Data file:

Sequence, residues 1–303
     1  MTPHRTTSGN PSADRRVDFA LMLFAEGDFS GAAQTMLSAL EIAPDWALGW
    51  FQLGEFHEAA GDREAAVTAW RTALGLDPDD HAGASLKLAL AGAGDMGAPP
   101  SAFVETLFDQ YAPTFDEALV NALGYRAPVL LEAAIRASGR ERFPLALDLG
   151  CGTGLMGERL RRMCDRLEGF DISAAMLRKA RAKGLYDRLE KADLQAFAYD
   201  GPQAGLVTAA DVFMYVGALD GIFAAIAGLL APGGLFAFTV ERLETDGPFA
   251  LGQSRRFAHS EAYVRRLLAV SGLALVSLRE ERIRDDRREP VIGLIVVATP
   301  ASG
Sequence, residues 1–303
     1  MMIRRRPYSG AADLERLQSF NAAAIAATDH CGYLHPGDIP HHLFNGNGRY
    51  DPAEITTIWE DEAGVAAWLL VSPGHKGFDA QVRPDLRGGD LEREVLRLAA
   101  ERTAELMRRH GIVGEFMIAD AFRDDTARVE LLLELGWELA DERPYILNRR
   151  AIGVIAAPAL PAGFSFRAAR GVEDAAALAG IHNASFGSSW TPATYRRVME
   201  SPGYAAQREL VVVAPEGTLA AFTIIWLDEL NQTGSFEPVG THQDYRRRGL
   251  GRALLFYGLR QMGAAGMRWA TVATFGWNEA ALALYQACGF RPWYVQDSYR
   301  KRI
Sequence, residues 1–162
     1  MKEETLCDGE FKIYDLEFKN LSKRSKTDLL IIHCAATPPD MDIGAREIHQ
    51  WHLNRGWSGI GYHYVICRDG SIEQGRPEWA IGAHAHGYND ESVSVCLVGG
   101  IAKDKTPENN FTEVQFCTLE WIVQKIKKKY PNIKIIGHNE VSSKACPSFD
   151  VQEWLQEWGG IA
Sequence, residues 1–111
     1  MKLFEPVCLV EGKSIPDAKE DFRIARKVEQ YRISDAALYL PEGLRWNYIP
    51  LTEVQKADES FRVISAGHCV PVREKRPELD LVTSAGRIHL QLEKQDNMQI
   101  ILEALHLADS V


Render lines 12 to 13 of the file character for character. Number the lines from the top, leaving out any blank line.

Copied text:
   101  ERTAELMRRH GIVGEFMIAD AFRDDTARVE LLLELGWELA DERPYILNRR
   151  AIGVIAAPAL PAGFSFRAAR GVEDAAALAG IHNASFGSSW TPATYRRVME